Reality Checks & Balances

This weekend I had a much needed reality check to balance things out.  Last month marked 2 years of the estrangement with my mother, my brother and his wife.   I’m feeling more acceptance of it, though I  still feel some flares of anger over it.  Fortunately, the sadness I felt over it from November-April seems to have abated and I’m functioning a lot better.  I’m not sure why,  but I have an easier time being angry than being sad.  My guess would be it has something to do with power vs. powerlessness.    This weekend I had a flare up of the anger.  Normally, I save my rants and vents for here and keep Facebook light with things about coffee, commuting and the weather. 

But I guess Father’s Day was bringing up feelings about family and my anger at how things were such that I couldn’t even contact my bro to wish him a Happy Father’s Day or that it was one of the days we’d check in with each other as it was also near the anniversary date of our dad’s death. 

So I was listening to music.  Even though Sinead O’Connor’s Jealous is about a romantic relationship, I feel some of the lyrics apply to any relationship.  Particularly the ones  about not deserving to be “punished” by being made to feel lonely, etc.   I’ve put the lyrics I relate to in bold and have included a link to the video. 

You’re jealous
You just can’t stand to see me get along without you
Like I do, you told me to
Now you’re jealous
You don’t know how hard it was to be alone without you
And wanting you, like I do
I would have stayed if you’d wanted
Would have been willing
But you said I treat you so badly
I can’t be forgiven
You know I would have done anything
To make it through with you
But I don’t deserve to be lonely
Just cuz you say I do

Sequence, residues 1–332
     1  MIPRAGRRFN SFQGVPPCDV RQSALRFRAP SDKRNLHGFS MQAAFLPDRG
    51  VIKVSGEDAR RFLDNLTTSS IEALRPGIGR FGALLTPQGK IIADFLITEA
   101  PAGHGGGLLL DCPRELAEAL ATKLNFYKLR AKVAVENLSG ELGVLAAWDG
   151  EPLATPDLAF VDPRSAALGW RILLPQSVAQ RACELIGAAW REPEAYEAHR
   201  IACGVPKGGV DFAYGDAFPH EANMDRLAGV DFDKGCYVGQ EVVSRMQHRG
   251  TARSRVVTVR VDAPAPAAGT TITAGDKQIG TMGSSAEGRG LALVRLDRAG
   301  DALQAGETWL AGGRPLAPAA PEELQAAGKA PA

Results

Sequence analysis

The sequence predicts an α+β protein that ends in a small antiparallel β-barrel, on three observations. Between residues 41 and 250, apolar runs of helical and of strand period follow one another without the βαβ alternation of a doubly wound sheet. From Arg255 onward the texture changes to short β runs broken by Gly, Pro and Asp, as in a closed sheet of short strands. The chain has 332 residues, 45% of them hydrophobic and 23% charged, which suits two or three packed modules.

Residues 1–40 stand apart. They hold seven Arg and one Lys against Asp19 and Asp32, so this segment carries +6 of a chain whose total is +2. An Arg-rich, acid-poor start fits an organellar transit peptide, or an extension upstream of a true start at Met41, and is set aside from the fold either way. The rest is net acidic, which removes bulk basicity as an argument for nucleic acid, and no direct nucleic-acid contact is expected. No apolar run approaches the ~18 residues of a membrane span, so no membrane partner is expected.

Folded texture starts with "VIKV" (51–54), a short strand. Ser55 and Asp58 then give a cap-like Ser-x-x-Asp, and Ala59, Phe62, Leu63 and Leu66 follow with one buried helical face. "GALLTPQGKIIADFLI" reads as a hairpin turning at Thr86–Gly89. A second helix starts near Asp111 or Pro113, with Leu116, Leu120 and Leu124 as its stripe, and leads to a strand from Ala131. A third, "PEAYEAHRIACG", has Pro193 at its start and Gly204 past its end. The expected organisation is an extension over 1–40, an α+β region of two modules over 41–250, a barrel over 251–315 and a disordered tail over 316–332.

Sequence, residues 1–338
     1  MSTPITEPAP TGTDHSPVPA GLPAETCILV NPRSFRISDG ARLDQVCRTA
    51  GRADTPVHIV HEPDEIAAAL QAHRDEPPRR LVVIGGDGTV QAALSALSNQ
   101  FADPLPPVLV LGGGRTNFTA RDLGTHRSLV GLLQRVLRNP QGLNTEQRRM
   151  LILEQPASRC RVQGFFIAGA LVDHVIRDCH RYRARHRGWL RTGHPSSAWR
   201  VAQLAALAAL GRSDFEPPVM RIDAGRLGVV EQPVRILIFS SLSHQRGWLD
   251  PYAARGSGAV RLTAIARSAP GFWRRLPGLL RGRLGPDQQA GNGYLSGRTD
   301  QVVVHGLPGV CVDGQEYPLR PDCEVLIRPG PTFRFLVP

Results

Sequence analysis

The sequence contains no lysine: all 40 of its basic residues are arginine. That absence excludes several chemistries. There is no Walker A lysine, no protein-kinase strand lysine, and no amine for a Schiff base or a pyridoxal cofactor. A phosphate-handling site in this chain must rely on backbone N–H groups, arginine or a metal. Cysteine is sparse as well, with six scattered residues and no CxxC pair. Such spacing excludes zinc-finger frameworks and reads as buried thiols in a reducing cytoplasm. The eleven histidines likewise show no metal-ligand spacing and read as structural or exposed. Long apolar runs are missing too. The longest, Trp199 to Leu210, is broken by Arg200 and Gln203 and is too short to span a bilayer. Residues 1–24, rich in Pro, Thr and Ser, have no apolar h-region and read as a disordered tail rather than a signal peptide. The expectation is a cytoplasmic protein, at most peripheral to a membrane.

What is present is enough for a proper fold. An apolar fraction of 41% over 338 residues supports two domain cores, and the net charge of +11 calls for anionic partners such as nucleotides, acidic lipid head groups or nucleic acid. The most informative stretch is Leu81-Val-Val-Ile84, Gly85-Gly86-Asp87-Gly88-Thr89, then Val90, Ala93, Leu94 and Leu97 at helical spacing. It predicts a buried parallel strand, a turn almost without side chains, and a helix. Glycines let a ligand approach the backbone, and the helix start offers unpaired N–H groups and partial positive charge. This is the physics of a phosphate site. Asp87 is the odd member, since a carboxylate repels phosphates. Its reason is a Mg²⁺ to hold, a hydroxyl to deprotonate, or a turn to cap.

I don’t deserve to be so lonely
I don’t deserve to cry
I don’t deserve to be lonely

I’m still  not sure why I didn’t go here and post about it, but I posted a link to the video and some background on the estrangement on Facebook instead.   Then after a couple of hours, realized it wasn’t appropriate and took it down. 

I felt myself obsessing over it the next day.  Did anyone see it?  Are they going to judge me for it?  Are they going to think less or me, not want anything to do with me? 

I’d vented inappropriately twice before on Facebook, once right after the estrangement and again when I found through one of my cousins my brother rarely talks to that my niece had been born.  I deleted those too within hours.  I was beating myself up, saying how could I be so stupid to do that again, etc.   I was berating myself for doing that 3 times within the space of nearly 3 years.

Then I realized, I’m not perfect.  I did something wrong, so what?  And I realize it’s something other people have done on Facebook as well, some even far more frequently than others.  Which made me challenge my conclusion that people were going to judge me.  I thought about how I felt when I read peoples rants/vents on spouses, divorce, family drama, etc.  I didn’t judge them or dislike them, usually what I feel is mainly concern and compassion for them and the pain they’re in.    If it’s appropriate, I’ll reach out to see if they’re ok and if they need to talk. 

Once I thought of it that way, I realized that if anyone had seen my post, they’d probably be feeling concern and compassion for me, not judgment or hate.    And that I could feel these things for myself instead of beating myself up.   It just shows how entrenched that conditioning is that it’s still popping up.   But with the old reality checks and balances, it can be undone. 

Reassuring myself, I was able to calm myself down instead of getting into an escalating spiral of anxiety.   And I spent less time obssessing over than I would have otherwise.  I actually went on to enjoy the rest of my weekend.

2 thoughts on “Reality Checks & Balances

  1. That’s great that you could enjoy your weekend! I agree that self-compassion is a much more constructive response than beating yourself up. It’s based on much more realistic expectations too. Everybody screws up once in a while. That’s just life. If you only made that mistake 3 times in 3 years, you’re ahead of the curve. Particularly since you noticed and fixed the problem.

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